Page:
As the water warms, it creates an area of low pressure.
The Pacific Jet Stream, now weakened, moves south and spreads further east. The phenomenon has a high correlation with warmer summers and droughts in some areas. In India, it has disrupted monsoon rains in the past.
In 2015, an El Nino year, India recorded a 14% deficiency in monsoon rain.
El Nino peaks during November-January, and decays in the first half of the following year. La Nina, on the other hand, is associated with cooler weather globally on an average and excess rainfall. But, despite a prolonged three-year run of the last La Nina (a triple dip), which ended earlier this year, the last eight years were the warmest ever recorded – virtually a testament to how potent GHGs alone have become in raising the global temperature.
According to WMO predictions, released in April, there is a 60% chance for the onset of El Nino during May-July, with the probability likely to rise to 60-70% during June-August, and 70-80% in autumn, with no probability of a La Nina.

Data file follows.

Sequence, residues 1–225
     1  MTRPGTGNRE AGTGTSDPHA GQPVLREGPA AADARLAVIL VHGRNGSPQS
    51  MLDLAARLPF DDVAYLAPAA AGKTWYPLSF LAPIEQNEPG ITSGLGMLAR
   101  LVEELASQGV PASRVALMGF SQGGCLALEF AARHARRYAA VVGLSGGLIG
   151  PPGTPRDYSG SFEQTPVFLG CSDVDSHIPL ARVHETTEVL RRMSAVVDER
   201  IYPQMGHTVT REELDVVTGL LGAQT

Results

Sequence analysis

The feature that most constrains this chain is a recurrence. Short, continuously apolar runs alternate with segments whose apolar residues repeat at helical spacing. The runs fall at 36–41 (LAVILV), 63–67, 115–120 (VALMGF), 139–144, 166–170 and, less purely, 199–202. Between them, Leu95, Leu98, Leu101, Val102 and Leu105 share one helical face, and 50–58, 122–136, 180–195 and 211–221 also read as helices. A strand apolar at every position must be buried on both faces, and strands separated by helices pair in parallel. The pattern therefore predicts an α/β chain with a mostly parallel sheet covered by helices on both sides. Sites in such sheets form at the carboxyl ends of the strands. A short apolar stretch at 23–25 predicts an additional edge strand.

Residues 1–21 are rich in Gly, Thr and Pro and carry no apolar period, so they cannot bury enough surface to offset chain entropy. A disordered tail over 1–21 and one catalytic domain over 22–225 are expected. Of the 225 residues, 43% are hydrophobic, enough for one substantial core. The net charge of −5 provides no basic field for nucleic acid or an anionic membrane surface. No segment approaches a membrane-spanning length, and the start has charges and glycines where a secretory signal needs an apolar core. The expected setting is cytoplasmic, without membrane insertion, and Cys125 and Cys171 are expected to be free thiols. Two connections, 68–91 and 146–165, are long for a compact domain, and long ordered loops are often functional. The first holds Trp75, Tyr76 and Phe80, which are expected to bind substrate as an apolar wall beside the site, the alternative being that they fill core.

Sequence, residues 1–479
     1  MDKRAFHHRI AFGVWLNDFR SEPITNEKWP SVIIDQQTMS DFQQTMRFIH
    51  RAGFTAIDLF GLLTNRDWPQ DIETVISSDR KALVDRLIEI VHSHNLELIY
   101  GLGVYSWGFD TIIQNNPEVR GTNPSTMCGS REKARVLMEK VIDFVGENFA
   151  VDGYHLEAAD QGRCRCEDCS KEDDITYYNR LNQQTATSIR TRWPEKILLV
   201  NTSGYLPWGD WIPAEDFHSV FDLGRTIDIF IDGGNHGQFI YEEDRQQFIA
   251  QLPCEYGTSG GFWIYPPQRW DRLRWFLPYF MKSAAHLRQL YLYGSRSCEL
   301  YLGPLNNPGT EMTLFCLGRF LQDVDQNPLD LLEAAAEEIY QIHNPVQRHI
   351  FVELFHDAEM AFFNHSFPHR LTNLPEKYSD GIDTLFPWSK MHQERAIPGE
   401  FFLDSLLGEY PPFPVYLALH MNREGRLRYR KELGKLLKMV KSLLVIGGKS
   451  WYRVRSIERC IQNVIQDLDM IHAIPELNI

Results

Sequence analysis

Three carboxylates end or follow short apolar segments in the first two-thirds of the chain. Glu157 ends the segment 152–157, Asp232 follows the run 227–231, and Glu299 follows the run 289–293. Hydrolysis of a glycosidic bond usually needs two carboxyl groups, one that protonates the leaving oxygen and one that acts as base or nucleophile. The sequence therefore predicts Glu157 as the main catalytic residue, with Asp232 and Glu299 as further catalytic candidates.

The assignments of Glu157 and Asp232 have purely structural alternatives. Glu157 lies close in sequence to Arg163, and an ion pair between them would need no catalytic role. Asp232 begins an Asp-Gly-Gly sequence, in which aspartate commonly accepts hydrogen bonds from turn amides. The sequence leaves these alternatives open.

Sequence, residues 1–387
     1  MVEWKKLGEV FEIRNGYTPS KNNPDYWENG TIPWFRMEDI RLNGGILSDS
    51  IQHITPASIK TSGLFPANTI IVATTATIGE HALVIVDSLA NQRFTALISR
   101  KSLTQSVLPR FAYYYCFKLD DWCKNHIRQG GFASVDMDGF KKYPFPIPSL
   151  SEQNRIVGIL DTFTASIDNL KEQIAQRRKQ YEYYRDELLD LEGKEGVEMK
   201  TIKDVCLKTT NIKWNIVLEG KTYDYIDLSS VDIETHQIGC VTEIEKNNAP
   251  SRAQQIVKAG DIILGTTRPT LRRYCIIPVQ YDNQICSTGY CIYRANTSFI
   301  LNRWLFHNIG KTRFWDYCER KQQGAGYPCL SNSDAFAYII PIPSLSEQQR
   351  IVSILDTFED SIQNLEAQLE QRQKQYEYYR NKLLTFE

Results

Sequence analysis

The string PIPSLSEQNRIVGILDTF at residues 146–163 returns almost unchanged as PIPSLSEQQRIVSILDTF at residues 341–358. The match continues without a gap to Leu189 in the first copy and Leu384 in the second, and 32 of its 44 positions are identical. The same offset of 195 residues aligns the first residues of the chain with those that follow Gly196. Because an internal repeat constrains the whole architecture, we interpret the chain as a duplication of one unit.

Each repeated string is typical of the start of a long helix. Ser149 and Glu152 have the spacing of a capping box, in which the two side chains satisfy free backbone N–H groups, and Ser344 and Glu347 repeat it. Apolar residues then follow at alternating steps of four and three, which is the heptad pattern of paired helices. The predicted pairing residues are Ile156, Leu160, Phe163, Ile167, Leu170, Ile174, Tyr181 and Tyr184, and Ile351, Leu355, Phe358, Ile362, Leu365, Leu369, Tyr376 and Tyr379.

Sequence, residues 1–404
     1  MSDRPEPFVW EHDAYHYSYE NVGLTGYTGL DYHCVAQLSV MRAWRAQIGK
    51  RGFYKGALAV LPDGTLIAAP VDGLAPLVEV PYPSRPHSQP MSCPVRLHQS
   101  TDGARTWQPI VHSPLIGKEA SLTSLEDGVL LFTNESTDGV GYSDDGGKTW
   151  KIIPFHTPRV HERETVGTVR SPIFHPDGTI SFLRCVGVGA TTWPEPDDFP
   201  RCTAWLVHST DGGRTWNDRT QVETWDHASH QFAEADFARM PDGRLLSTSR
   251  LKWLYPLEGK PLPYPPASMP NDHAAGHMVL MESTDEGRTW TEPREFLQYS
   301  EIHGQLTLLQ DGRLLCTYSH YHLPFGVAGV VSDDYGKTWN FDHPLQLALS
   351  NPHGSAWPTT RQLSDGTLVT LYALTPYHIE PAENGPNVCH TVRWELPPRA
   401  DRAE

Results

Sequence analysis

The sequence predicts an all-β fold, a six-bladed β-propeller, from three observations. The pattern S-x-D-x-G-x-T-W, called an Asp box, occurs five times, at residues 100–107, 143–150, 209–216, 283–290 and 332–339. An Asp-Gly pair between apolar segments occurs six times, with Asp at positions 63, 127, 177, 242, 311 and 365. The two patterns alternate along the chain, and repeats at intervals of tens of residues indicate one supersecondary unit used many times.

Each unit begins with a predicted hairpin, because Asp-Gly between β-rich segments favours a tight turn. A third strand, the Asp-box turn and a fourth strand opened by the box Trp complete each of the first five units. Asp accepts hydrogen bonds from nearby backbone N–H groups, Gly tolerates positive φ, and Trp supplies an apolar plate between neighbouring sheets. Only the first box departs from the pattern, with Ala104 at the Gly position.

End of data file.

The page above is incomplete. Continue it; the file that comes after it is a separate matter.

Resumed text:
“Typically, El Niño increases global temperatures in the year after it develops – in this case this would be 2024," the WMO release last week said.
In India, as in some other parts of south and southeast Asia, temperatures have already risen to 45°C, and a further rise is expected as the summer takes hold.
Beyond the temperature rise (expect real impact next year), the El Nino this year also poses a threat to India’s rural economy.
A good monsoon is critical for the kharif (or monsoon) crop. According to India’s agriculture ministry, 51% of India’s farmed area, accounting for 40% of production, is rain-fed, making the monsoon critical. About 47% of the country’s population depends on agriculture for their livelihood.
And to make matters worse, an El Nino year also has a higher number of western disturbances.
A western disturbance (WD) is a low-pressure area (or an area of disturbed air pressure) that is created due to the warming of the water, and it moves from west to east (hence, western) from over the Mediterranean sea. The movement itself is an attempt to restore the equilibrium of the pressure upset because of the La Nina warming the water.